China and the Soviet Union have agreed to sign four new accords on trade and economic, scientific and technological cooperation as both sides moved to tap what one Chinese leader described as "the great potential" for cooperation in these fields, Chinese officials said today.
The accords were announced as visiting Soviet First Deputy Premier Ivan Arkhipov, Moscow's highest ranking envoy to Peking in more than 15 years, wound up formal discussions in the capital with Chinese leaders.
Arkhipov met today with Premier Zhao Ziyang, who called the Soviet official an old friend of China who did much useful work in helping China formulate and implement its first five-year plan, the New China News Agency reported.
However, the agency also quoted Zhao as telling Arkhipov that "really major obstacles" still exist between the two countries politically -- a reference to differences over Afghanistan, Cambodia and the high levels of troops each side maintains at their common frontier. "We hope that the Soviet Union would take some action in solving these problems," Zhao said.
Zhao, however, reiterated China's policy in recent years of separating the development of relations in the nonpolitical field from the political obstacles, the news agency said, and it quoted Zhao as saying that the relatively smooth development of Sino-Soviet economic and trade relations had proved that problems could be solved so long as the two sides take a positive attitude toward them.
"It should not be so difficult" to solve the problems in the political relations between the two countries, Zhao said. "China sincerely hopes that Sino-Soviet relations will truly be improved, and good-neighborly and friendly relations truly established."
The two sides have agreed to sign a five-year, trade agreement by mid-1985, a Chinese Foreign Ministry spokesman said. That agreement, which would run from 1986 through 1990, is likely to boost bilateral trade from about $1 billion this year to $5 billion or $6 billion by 1990, the level of current trade between the United States and China, western diplomats have said.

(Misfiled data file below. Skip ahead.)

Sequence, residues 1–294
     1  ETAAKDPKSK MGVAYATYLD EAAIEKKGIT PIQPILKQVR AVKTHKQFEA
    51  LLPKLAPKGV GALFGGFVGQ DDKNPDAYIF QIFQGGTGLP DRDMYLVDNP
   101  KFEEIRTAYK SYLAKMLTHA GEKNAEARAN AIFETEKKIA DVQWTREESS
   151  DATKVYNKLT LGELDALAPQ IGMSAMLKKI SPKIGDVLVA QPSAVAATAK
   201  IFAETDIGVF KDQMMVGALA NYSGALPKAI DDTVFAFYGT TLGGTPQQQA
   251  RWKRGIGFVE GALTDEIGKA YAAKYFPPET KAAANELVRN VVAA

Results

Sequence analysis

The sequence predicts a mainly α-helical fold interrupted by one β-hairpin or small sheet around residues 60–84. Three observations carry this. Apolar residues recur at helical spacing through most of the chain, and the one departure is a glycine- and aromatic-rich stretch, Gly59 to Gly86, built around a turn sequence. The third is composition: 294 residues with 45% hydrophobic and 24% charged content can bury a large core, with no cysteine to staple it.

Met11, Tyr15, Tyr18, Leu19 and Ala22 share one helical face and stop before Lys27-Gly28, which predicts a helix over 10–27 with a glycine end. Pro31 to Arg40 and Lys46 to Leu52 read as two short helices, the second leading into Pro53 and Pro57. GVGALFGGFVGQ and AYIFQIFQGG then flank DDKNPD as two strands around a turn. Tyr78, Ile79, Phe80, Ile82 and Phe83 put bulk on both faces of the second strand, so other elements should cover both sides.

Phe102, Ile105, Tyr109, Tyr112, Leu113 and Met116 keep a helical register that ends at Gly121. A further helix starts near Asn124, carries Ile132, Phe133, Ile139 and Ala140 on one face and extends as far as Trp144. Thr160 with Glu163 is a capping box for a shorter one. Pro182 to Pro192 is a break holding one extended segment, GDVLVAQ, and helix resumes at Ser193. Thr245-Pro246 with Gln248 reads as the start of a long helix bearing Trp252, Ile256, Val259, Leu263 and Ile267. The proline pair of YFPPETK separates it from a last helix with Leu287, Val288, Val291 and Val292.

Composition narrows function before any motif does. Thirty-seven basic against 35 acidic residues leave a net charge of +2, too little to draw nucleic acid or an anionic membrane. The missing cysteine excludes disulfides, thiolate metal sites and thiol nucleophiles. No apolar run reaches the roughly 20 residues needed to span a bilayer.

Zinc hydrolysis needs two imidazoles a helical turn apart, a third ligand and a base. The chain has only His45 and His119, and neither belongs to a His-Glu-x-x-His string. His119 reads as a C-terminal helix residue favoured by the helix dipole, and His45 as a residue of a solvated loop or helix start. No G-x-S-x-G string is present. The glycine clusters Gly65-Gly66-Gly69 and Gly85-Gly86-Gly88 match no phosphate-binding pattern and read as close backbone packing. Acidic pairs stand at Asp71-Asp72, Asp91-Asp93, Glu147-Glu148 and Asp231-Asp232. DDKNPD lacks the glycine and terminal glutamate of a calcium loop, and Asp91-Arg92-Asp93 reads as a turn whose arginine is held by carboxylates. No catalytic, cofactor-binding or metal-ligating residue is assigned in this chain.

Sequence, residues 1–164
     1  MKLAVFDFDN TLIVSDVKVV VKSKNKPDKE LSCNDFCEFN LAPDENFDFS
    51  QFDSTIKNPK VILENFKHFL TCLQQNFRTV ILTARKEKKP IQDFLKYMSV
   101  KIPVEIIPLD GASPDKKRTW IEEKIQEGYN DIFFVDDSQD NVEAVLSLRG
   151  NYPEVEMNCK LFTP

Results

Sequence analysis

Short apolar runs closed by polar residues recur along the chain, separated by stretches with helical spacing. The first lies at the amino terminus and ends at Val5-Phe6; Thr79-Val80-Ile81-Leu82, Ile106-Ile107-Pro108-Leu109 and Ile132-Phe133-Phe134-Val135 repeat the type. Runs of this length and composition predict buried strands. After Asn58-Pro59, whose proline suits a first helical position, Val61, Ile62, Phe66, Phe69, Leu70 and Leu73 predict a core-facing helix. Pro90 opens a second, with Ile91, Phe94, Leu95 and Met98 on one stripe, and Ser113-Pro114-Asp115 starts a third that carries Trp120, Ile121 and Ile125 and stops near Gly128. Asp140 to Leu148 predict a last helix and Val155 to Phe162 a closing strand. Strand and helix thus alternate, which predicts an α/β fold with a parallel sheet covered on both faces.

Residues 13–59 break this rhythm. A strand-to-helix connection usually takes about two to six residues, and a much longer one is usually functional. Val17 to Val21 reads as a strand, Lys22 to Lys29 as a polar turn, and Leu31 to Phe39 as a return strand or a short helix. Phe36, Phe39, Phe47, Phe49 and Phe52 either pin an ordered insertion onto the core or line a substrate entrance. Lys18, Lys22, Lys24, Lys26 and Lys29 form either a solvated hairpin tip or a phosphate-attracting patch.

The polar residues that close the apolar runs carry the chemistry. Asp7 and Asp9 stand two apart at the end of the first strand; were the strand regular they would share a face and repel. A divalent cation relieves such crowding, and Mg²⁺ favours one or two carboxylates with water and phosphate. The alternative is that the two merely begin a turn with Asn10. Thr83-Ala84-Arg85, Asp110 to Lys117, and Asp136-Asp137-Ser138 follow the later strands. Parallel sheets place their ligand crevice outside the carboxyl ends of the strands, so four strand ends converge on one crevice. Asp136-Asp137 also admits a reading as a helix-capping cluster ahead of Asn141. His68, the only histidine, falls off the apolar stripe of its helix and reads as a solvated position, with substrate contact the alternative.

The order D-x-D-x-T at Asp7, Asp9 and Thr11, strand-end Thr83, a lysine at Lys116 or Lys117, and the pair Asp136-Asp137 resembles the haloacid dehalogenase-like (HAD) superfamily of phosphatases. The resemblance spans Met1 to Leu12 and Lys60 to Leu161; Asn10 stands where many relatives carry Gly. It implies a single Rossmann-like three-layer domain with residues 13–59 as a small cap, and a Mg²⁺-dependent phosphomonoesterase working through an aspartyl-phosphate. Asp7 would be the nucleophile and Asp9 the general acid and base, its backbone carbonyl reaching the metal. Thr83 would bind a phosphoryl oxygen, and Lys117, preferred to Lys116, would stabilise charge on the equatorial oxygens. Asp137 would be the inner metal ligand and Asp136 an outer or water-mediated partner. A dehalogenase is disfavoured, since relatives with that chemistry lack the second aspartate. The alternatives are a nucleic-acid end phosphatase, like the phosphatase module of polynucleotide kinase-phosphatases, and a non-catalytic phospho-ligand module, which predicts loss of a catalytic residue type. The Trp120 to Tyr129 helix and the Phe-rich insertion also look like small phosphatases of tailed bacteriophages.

In addition, the two sides also agreed on the texts of three other accords on economic and technical cooperation, on science and technological cooperation and on establishment of a joint committee in charge of such cooperation, the news agency reported.
These three accords are likely to be signed before Arkhipov leaves Peking Monday to tour the southern cities of Guangzhou and Wuhan and the special economic zone of Shenzen across from Hong Kong, diplomats said. Arkhipov is to return to Moscow on Dec. 29.
Although neither side has provided any details on the content of the agreements, they are expected to include Soviet assistance in upgrading and providing machinery for factories and projects that were built with Soviet assistance in the 1950s.
Arkhipov, who handles economic affairs for the Kremlin and headed the massive Soviet aid program here in the 1950s, is the most senior official to visit China since 1969, when the late premiers Alexei Kosygin and Chou En-lai met briefly at the Peking airport in an attempt to defuse border tensions.
There have been no indications so far that the current visit will provide any breakthrough for substantial improvement of political relations, which have been strained since the two communist giants began their ideological and strategic quarrel nearly a quarter of a century ago.
But the visit has symbolic importance, and it moves toward normalization of relations at a high level. The establishment of a joint economic committee, similar to those China has with other East European countries, adds another structure for dialogue beyond the political consultations that have been held at the level of senior Foreign Ministry officials since 1982 and contacts between foreign ministers, which resumed this year.
Since his arrival Friday, Arkhipov has had three rounds of talks with his Chinese counterpart, Vice Premier Yao Yilin. The four hours of talks took place in a "friendly, mutually understanding and constructive atmosphere" and also touched on "international issues of common concern and bilateral relations," the spokesman said.
Although Arkhipov's reception has been relatively low key, it has been warm, according to some Chinese observers. At the welcoming banquet for him Friday night, for example, Yao addressed Arkhipov as "Comrade Arkhipov," a term the Chinese have not used toward the Soviets for a long time, these observers said.
At a banquet last night, Chinese Vice Premier Wan Li was shown on television embracing Arkhipov not once, but twice.